The introduction starts by asking what is a woman? and comes to the conclusion that women are primarily defined negatively, as not-men:
La femme a des ovaires, un utérus; voilà des conditions singulières qui
l'enferment dans sa subjectivité; on dit volontiers qu'elle pense avec ses
glandes. L'homme oublie superbement que son anatomie comporte aussi des
hormones, des testicules.
and she quotes Aristotle: «La femelle est femelle en vertu d'un certain manque de qualités». So then she talks about the concept of the other and the way in which humans find Otherness in different groups - les Juifs, les Noirs. But women aren't like ethnic groups - Jews aren't Others to other Jews (or at least, not because of their Jewishness). Women live alongside men, in equal numbers to men, but are still seen as Other by those men. In this regard, she compares women with the proletariat: a group which exists alongside the bourgeoisie, and have existed as long as they have.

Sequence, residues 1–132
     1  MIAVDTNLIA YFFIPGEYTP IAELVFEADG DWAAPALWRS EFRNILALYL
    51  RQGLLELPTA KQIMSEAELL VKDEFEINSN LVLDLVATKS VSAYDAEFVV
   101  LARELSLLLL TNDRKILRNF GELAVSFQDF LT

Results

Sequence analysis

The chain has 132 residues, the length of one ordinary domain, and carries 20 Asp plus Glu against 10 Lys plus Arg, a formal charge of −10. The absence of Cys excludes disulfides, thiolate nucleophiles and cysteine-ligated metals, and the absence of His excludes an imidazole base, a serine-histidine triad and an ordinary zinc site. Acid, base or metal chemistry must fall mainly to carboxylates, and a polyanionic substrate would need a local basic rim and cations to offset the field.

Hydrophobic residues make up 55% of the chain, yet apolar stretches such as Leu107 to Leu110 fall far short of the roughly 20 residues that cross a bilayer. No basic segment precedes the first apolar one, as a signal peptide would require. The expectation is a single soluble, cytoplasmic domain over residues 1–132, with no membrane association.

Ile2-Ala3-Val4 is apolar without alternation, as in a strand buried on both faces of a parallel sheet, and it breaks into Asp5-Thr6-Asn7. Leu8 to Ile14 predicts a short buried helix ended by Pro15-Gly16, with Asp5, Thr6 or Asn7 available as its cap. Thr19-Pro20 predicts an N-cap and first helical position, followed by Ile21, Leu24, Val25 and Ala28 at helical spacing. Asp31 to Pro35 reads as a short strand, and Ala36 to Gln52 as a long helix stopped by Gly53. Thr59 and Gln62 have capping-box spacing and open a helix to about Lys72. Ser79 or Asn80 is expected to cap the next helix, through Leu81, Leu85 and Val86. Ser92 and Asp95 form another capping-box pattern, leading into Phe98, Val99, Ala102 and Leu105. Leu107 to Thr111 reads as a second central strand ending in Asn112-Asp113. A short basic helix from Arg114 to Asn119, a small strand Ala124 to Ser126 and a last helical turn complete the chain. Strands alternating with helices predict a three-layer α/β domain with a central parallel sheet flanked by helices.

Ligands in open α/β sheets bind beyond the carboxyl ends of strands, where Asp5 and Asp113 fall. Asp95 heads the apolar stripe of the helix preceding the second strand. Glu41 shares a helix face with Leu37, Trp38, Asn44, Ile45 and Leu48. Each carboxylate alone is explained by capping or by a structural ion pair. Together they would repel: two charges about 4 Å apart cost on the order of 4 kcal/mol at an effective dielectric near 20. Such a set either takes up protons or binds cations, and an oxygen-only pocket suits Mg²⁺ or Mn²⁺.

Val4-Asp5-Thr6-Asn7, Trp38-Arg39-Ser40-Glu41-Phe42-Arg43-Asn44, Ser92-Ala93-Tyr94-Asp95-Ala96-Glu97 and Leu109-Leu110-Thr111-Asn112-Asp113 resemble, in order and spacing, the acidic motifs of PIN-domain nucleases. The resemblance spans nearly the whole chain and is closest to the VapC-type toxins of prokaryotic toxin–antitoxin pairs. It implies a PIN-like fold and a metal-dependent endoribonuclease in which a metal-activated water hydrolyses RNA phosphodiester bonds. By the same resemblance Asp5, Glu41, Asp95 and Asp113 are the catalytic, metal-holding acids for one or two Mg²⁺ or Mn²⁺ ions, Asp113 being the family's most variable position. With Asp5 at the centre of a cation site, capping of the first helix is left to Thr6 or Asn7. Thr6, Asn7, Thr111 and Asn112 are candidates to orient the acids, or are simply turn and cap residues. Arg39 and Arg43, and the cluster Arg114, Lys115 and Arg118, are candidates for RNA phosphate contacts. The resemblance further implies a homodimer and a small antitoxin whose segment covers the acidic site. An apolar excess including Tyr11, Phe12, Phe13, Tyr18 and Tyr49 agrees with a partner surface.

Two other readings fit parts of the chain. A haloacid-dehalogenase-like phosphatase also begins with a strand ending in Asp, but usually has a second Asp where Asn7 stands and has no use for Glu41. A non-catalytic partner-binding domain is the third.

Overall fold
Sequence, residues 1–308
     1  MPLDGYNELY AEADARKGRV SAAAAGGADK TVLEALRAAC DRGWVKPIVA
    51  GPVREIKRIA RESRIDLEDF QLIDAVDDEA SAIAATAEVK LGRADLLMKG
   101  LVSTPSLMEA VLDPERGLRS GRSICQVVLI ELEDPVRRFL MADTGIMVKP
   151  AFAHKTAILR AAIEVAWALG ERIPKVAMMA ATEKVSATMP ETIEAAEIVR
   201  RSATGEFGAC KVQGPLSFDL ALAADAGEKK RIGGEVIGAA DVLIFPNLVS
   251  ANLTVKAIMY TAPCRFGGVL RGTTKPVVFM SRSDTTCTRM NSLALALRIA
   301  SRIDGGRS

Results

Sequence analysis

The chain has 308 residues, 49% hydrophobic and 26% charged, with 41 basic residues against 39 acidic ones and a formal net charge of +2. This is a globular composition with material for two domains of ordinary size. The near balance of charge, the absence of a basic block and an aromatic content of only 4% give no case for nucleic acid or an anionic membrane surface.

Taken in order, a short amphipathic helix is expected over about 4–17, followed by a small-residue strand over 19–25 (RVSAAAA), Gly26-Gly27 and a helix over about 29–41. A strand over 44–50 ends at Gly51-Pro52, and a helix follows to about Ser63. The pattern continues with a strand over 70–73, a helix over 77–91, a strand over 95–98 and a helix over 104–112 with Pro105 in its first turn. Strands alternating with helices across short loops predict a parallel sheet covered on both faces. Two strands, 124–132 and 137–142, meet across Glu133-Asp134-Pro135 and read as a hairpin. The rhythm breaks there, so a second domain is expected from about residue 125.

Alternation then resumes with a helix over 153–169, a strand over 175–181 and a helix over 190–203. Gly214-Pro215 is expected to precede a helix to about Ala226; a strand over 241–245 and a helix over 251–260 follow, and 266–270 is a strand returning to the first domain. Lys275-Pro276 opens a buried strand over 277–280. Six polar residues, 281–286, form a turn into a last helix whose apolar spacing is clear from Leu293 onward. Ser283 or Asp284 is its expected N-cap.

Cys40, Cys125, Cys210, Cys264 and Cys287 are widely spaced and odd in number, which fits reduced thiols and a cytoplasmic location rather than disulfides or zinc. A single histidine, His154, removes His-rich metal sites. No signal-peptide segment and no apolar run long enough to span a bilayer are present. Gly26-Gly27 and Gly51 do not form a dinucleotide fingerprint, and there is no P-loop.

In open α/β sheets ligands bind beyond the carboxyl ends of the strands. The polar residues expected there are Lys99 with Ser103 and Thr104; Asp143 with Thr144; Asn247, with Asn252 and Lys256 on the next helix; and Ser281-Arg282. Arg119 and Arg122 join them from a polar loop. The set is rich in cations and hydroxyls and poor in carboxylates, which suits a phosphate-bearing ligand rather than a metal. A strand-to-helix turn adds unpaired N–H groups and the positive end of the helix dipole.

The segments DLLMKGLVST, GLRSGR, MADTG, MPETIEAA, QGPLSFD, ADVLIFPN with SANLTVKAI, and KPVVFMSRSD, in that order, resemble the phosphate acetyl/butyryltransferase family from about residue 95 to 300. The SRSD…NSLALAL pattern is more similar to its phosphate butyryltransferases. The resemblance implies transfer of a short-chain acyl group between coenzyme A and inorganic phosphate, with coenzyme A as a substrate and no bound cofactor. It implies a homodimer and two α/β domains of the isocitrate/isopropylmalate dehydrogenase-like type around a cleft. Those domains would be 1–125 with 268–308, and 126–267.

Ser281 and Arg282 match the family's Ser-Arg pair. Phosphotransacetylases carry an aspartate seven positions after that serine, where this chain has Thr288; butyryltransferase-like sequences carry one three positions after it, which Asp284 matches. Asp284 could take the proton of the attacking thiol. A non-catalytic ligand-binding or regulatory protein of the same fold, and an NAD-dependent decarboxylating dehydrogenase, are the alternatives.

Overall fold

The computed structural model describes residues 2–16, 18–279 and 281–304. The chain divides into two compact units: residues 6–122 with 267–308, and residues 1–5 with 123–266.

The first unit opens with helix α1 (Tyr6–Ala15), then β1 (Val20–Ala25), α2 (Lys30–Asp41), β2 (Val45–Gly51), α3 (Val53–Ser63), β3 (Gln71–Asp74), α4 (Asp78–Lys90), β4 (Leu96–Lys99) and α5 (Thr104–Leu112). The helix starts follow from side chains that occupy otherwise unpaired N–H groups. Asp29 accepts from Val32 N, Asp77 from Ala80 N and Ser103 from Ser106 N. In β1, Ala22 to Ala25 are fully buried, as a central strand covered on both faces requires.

If you want to read her in English, there's an english translation of Le deuxième sexe at the Marxist Internet Archive. I'm reading her in french because, well, why not stretch my brain for once. Also I read somewhere that the translation doesn't do her justice.